Wheelchair Foundation


Monte Vista recently teamed up with the Wheelchair Foundation to raise money for  physically disabled people who need a wheelchair and can’t afford one.

The Wheelchair Foundation is a nonprofit organization founded in 2000 by Kenneth Behring. The foundation uses monetary donations to purchase wheelchairs and deliver them to the 109 million disabled people worldwide who do not have the financial means to buy one. Currently, $150 will buy a new wheelchair and cover the cost of its delivery.

“My father set a goal of at least 1,000,000 wheelchairs in five years,” President of the Wheelchair Foundation David Behring said. “We have delivered 950,000 in 14 years and plan to continue the program into the future.”

Another goal of the organization is to continue to raise awareness about people with physical disabilities and the importance of giving them help. On April 29th, there will be a wheelchair basketball game held at San Ramon High School, and on May 6th, one will be held at Monte Vista to further promote wheelchair awareness.

The Wheelchair Foundation originally worked solely with schools in the Pleasanton school district, but due to the great amount of success the program had, this year it expanded to fifty schools in the SRVUSD district, Pleasanton, Oakland, and Hayward.

It is in large part, thanks to Don Routh and his son Josh Routh that the Wheelchair Foundation has gotten involved with so many schools. When Josh was one, he was diagnosed with cerebral palsy and has been in a wheelchair ever since. This inspired Don to take an unfortunate event and create something positive with it.

“Don thought it was very important for students to learn awareness about people with disabilities,” Behring said. “Physically disabled people don’t get the respect they deserve. If people are different from you, you should respect the differences in those people.”

Don and his son Josh have taken it upon themselves to bring attention to people with disabilities and supply wheelchairs to those in need who live in developing countries. Josh has traveled with his father to fifteen countries in South America to personally deliver wheelchairs, and has served as an inspiration to many.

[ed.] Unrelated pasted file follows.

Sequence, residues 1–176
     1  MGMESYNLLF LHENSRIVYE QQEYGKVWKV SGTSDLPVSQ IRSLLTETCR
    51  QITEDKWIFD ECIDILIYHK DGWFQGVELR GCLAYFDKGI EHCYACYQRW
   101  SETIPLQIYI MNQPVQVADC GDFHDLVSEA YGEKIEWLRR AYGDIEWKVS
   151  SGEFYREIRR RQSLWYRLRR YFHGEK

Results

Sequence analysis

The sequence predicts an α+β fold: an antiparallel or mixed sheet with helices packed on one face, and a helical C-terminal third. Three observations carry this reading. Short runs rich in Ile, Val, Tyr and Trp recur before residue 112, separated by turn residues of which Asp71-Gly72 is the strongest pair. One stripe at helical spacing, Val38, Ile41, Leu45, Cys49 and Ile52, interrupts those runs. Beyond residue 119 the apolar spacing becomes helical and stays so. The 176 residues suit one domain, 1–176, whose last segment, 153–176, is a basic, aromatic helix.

When the Wheelchair Foundation reached out to Monte Vista, they gave a presentation to our faculty and had a volunteer speak to a few club leaders. The Interact and CSF clubs were approached by the administration and were asked to organize wheelchair fundraisers and to increase general awareness about the program.

“We started with advisory classes where we showed a video and organized discussions about disabilities and wheelchair etiquette,” Interact officer senior Taylor Lee said. “We also spoke at the rally and worked with the class presidents to demonstrate the difficulties of using a wheelchair.”

Wheelchair awareness was further promoted through the opportunity offered to students to use one of the ten wheelchairs loaned to Monte Vista by the Wheelchair Foundation over the duration of a week.

“Being in a wheelchair made me realize how truly difficult it is to be in one,” participant senior Marina Velo said. “My arms were exhausted by the end of my time in the wheelchair.”

This activity not only demonstrated to students how physically taxing it is to be disabled, but it also revealed the psychological effects it can have.

“People no longer noticed me, they only noticed the chair I was confined to,” Velo said. “It was really belittling. Now when I see someone in a wheelchair I’ll know not to simply pity them because they are in a chair, rather I’ll try to get to know the person first before I make a judgement.”